Happily, there is ample evidence from a host of Star letter writers that Canadians feel deep outrage at this persecution, and see through Harper's divisive and self-serving rhetoric. Here is just a small sampling of those letters:

Re: Free at last, almost, Editorial April 25
Re: Let the Khadr furor fade away with him, April 27

What is the matter with Mr. Harper? Why this persistence in hounding this young man, who as a child was prosecuted in the U.S. and served most of his time. We Canadians believe in being fair and we try not to demand that last pound of flesh. Not so Mr. Harper it seems. He wants his pound of flesh.

Omar Khadr deserves a chance to prove he has moved on from his teenage years and their influences and can be a valuable member of society. Mr. Harper needs to check his big bully ways at the courtroom door.

Joan Joseph, Cambridge

The behaviour of the Harper government in relation to Omar Khadr continues to be mean and vicious, all apparently based in politics. It is calculated to appeal to the Harper base in the so-called tough defense of national security and be useful in the coming election.

I think, however, that this may in fact work against the government. Surely the general Canadian public is not that ugly.

Derek Chadwick, Toronto

Please let Omar Khadr go. Let him go. Enough already. Hasn’t this poor man suffered enough?

The Harper regime’s decision to appeal the granting of bail is frankly despicable. Once again, thank goodness for the Charter of Rights. I’m sure Stephen Harper wishes he could abolish it, but it’s fortunately too well entrenched for even a seasoned political opportunist like him to destroy.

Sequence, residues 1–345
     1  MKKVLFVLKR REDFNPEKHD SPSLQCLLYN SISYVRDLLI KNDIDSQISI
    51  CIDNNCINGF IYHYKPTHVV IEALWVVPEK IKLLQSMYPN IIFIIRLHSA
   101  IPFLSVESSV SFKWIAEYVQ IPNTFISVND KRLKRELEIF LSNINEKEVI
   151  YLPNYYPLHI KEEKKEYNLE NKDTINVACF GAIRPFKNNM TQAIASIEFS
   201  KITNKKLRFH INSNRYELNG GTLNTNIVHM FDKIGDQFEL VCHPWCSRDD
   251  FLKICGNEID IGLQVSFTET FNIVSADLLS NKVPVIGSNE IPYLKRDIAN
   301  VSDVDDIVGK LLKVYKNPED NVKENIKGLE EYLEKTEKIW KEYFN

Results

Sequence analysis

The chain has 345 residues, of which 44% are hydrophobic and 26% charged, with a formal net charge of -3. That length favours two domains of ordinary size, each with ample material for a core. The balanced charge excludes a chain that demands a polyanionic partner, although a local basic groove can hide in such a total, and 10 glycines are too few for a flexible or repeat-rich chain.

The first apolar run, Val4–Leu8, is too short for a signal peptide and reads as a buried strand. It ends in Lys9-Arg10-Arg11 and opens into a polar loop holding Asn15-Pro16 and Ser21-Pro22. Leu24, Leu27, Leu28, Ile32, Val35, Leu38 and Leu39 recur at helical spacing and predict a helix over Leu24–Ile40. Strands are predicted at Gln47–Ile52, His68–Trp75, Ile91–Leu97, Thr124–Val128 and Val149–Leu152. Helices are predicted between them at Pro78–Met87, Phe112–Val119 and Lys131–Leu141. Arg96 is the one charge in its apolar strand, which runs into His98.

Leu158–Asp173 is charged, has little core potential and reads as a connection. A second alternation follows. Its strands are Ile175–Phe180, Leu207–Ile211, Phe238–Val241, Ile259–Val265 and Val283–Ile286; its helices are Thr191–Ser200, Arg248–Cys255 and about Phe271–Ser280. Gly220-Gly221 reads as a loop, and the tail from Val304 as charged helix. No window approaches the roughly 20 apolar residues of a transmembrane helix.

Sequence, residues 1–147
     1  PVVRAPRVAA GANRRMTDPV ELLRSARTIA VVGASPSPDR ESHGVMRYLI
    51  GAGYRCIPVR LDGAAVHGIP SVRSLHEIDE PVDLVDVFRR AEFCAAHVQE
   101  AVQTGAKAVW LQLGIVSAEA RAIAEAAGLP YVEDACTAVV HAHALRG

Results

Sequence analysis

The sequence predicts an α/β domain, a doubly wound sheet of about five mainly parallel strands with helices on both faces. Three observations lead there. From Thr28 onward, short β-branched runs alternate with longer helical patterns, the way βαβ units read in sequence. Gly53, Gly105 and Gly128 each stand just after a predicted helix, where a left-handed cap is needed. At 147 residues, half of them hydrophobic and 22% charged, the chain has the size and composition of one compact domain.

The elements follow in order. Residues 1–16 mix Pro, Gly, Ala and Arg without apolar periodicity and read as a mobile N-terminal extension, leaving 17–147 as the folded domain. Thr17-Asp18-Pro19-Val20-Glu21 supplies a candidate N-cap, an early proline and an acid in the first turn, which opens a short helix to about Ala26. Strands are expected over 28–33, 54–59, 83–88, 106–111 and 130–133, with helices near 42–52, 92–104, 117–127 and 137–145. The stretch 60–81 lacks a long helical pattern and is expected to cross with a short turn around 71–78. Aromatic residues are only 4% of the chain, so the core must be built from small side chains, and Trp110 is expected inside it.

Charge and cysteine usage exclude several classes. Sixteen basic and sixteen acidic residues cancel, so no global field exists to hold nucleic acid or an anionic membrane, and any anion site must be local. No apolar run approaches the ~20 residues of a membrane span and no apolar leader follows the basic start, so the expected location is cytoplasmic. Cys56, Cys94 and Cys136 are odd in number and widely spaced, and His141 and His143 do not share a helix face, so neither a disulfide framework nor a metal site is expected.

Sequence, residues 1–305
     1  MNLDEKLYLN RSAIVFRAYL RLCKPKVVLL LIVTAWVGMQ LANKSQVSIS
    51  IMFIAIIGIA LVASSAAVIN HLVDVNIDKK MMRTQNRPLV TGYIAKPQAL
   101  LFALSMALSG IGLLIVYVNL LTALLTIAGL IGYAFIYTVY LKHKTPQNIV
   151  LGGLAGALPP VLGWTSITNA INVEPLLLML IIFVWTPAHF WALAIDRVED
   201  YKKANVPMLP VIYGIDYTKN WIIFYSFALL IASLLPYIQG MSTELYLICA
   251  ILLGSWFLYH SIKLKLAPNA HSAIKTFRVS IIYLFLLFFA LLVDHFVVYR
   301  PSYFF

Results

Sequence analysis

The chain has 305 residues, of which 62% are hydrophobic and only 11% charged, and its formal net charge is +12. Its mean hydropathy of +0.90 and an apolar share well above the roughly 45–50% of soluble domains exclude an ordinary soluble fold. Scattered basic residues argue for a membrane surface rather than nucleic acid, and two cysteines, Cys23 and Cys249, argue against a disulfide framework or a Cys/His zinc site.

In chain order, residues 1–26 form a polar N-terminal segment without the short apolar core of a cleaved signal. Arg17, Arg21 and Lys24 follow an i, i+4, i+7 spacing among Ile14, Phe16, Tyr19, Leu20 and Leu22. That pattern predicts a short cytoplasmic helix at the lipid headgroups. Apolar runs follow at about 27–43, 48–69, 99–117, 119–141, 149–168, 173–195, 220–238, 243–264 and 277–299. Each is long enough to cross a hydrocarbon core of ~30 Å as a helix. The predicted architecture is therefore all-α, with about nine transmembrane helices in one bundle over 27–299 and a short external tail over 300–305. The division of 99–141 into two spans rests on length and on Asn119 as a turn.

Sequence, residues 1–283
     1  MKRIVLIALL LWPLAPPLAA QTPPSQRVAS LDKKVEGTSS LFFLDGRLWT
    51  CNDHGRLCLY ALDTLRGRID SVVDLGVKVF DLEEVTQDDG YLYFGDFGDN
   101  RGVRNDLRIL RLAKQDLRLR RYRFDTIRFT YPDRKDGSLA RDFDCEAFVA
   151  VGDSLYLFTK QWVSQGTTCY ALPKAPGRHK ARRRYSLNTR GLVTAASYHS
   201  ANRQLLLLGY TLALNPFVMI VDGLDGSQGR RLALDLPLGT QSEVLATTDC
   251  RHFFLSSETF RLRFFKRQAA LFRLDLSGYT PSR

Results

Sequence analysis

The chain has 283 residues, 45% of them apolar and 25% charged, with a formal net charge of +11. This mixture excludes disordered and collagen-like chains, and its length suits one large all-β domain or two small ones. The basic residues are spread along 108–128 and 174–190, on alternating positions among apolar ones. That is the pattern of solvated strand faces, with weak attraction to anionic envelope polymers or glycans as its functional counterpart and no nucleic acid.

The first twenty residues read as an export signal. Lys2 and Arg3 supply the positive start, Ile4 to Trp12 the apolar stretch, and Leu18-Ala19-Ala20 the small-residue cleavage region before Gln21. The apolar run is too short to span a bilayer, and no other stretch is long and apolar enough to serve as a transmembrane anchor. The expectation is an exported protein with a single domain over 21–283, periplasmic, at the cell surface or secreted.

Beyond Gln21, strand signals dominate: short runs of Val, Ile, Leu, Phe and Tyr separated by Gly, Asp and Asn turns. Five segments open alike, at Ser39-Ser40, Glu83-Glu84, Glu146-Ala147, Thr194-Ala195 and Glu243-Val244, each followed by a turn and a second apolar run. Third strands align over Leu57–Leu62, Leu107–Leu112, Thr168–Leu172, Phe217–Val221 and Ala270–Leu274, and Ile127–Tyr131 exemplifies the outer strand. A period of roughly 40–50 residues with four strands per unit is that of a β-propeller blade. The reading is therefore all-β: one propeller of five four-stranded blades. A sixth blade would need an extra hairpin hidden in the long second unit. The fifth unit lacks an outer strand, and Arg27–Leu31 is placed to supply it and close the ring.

Nothing says more about the mean-spirited, reptilian rule of Supreme Leader Harper than the tragic saga of Omar Khadr. Yes, his ordeal began under a Liberal government, but nobody has exploited his story as eagerly and effectively as Harper, simply to further his anti-Muslim agenda and his bogus war on so-called “terrorism.”

As Thomas Walkom mentions in a recent column, Khadr is nothing more than a political football to be tossed around in the upcoming election campaign. This is disgusting beyond words.

Khadr has been the victim of a mockery and travesty of justice unseen in recent times. The injustice he has been subjected to is a stain on the Canadian body politic. All Canadians should be ashamed of his inhumane treatment.

How dare Canada lecture anyone on human rights after what we’ve put this guy through?

I say go, Omar, go – enjoy your freedom. You’ve more than earned it.

Andrew van Velzen, Toronto

Why do Stephen Harper and the Conservatives hate Omar Khadr?

Omar Khadr was a child soldier, captured by the Americans in 2002 at the age of 15. They chose to ignore his child soldier status and to prosecute him under laws that were enacted years after he was captured and imprisoned at Guantanamo Bay. All other G8 countries demanded the release of their nationals from Guantanamo Bay, except Canada.

Omar Khadr’s father was an operative for Al Qaeda and a personal friend of Osama Bin Laden. His son had no choice about becoming an Al Qaeda soldier. He has spent the past 13 years in detention at Guantanamo Bay and in prison in Canada, where he has been denied access to anyone who would speak for him in the press.

Stephen Harper and the Conservative government have made it clear that they intend to continue persecuting this young man as long as they can use him as a scapegoat to whip up fear and hatred (against “terrorists” and Muslims) – whatever might help them to get re-elected.

Surely, Harper and the Conservative government are guilty of conspiracy to persecute a child soldier and should be charged under the Geneva Convention. At the very least they are guilty of promoting hatred against this young man.

Bill Aird, North York